Add Olympic Gold Medalist Allyson Felix to the chorus of world class American runners endorsed by Nike to come forward to complain about the company’s treatment of women who become mothers.
Felix, who welcomed daughter Camryn last winter published her own Op/Ed in The New York Times that was inspired by and comes on the heels of pieces published by fellow moms Alysia Montaño and Kara Goucher in that newspaper.
“They told stories we athletes know are true, but have been too scared to tell publicly,” Felix wrote of Montaño and Goucher in her op-ed published last week, on May 22. “If we have children, we risk pay cuts from our sponsors during pregnancy and afterward.”
“Thank you @alysiamontano@karagoucher for starting such an important conversation. ‘As. you can’t change anything with silence.’ This is my story. #dreammaternity , “ she captioned an Instagram photo of herself running in between photos of men running a similar race.
She shared her own post-birth experience in the newspaper.
After severe pre-eclampsia that put her baby’s life at risk caused her to have to have giving birth and having to undergo an emergency C-section at 32, she alleged that Nike pressured her to return to training as soon as possible.
Then, the company wanted to pay her 70 percent less than before.
Felix pushed back, and essentially demanded that the athletic apparel brand change its policies.
“If that’s what they think I’m worth now, I accept that,” she admitted. “What I’m not willing to accept is the enduring status quo around maternity. I asked Nike to contractually guarantee that I wouldn’t be punished if I didn’t perform at my best in the months surrounding childbirth. I wanted to set a new standard. If I, one of Nike’s most widely marketed athletes, couldn’t secure these protections, who could?”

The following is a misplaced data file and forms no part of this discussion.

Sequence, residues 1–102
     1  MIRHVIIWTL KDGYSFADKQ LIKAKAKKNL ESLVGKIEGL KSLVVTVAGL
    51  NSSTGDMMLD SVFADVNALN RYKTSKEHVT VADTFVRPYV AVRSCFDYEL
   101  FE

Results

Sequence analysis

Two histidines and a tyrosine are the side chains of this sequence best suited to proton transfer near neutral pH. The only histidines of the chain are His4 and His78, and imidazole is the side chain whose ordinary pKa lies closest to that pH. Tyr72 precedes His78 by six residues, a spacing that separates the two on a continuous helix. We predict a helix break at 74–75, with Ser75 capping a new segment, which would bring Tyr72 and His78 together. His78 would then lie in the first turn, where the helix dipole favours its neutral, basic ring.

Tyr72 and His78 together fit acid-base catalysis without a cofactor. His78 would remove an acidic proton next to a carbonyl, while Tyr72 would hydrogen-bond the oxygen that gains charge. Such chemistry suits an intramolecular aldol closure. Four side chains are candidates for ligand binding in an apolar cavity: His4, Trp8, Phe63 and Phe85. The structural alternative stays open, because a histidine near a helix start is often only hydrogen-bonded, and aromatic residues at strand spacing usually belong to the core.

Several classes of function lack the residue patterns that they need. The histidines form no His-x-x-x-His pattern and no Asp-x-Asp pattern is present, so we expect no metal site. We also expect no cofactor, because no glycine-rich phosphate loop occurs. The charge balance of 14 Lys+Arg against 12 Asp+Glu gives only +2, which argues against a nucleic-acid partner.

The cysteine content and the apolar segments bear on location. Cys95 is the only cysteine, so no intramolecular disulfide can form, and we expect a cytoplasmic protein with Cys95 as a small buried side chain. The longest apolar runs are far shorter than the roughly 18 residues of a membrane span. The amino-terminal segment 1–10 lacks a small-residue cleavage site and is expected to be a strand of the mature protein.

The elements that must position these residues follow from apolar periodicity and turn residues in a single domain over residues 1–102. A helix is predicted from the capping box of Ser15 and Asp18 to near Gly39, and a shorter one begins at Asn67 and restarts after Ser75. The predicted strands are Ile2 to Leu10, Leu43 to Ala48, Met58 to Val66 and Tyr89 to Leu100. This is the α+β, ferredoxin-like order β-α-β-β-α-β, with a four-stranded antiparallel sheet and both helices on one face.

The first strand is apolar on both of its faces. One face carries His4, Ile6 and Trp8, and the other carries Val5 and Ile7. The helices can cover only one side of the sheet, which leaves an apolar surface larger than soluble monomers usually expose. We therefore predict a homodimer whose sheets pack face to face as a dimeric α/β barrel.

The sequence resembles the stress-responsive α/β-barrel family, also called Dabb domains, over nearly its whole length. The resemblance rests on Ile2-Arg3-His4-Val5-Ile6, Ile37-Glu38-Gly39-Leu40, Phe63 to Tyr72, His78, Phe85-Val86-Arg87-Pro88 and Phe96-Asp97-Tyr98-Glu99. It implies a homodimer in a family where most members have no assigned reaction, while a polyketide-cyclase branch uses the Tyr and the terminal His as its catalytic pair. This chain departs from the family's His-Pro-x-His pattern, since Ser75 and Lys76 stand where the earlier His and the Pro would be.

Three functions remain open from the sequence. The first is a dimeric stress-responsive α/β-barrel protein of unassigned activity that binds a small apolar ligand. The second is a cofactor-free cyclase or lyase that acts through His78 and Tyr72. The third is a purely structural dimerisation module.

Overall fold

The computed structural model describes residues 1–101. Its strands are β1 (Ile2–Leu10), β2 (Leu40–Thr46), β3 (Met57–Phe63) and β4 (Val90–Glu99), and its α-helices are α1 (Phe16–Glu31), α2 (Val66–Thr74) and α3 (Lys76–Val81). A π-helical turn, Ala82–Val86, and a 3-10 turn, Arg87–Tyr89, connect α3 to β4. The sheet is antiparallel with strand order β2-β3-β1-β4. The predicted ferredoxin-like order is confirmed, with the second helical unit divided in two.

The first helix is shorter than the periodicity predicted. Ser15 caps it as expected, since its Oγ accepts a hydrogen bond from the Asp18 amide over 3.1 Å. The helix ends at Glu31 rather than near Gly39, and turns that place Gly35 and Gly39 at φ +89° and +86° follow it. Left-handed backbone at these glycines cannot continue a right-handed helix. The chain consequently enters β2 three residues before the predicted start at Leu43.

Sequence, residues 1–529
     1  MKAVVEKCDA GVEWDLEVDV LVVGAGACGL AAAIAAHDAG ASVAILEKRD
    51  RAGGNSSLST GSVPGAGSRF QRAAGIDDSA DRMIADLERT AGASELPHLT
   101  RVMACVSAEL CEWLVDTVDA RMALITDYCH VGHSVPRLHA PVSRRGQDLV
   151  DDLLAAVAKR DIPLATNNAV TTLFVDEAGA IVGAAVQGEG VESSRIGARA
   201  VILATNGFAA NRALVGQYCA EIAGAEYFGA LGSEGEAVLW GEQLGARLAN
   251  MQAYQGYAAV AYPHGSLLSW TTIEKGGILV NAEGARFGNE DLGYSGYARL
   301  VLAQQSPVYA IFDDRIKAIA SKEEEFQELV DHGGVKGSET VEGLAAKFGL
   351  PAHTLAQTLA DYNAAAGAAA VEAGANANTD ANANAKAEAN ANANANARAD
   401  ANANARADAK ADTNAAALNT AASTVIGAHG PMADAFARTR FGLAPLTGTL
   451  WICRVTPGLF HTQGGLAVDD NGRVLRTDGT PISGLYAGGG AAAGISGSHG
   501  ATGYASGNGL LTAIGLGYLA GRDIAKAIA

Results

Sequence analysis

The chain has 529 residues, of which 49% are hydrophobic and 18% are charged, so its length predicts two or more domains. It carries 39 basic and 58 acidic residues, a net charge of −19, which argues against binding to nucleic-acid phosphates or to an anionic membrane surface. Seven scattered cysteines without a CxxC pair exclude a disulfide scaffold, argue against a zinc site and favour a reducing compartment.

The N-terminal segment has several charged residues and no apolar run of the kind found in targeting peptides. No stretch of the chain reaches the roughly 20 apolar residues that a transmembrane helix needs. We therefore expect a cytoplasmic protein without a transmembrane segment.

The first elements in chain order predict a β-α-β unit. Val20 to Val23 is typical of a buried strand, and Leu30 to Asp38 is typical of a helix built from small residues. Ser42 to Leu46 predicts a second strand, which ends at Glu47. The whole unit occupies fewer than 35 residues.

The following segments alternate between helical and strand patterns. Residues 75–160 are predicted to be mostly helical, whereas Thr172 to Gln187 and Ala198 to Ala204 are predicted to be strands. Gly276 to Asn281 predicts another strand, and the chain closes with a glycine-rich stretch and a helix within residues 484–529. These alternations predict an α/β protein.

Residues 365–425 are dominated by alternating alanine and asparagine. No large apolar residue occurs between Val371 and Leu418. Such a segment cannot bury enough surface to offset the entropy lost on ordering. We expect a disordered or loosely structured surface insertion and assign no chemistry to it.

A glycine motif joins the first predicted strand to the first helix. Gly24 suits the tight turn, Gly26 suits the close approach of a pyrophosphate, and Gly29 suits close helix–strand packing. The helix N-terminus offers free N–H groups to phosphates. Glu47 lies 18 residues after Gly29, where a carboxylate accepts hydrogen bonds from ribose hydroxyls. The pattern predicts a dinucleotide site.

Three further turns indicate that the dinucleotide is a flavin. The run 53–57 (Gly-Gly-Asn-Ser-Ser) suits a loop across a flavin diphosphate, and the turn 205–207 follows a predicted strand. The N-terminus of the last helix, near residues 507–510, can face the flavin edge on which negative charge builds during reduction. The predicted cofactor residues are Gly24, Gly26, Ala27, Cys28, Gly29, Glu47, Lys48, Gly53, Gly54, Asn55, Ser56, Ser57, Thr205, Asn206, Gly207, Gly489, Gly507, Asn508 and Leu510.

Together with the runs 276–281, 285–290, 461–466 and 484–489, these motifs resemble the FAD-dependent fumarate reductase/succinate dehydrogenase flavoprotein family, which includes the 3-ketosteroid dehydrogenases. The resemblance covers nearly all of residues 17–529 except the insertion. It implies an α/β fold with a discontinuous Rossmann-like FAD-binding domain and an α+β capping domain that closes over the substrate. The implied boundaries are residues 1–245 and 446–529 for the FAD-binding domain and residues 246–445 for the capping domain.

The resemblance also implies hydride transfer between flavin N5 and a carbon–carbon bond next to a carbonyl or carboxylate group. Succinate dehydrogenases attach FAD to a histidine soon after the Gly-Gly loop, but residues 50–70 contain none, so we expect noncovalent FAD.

Nike didn’t accept her demands.
“My disappointment is not just with Nike, but with how the sports apparel industry at large treats female athletes,” she explained in the op-ed. “This isn’t just about pregnancy. We may stand behind the brands we endorse, but we also need to hold them accountable when they are marketing us to appeal to the next generation of athletes and consumers.”
Right before Montano and Goucher came forward, according to an article in The Wall Street Journal, Nike announced iot would change its maternity policy.
Sports Illustrated reported the changes will include protection in its contracts, while brands such as Brooks, Altra and Nuun pledged to also guarantee contractual support of female athletes through pregnancy moving forward.
Now to wait to see what those changes are.
“I look forward to specifics, from Nike and the rest of the industry who has yet to commit to contractually protecting women,” Felix concluded.
Meanwhile, Nike athlete and star of its female empowerment campaign Serena Williams
“I understand that Nike has been really lately supporting women a lot, and it started with making a statement with me, and they said they want to make a change,” Williams said Monday after defeating Vitalia Diatchenko in the first round of the French Open. “They want to support women that want to have families and that want to be moms. I’m glad that statement was made, and I know that therefore and going forward, they’re doing better.”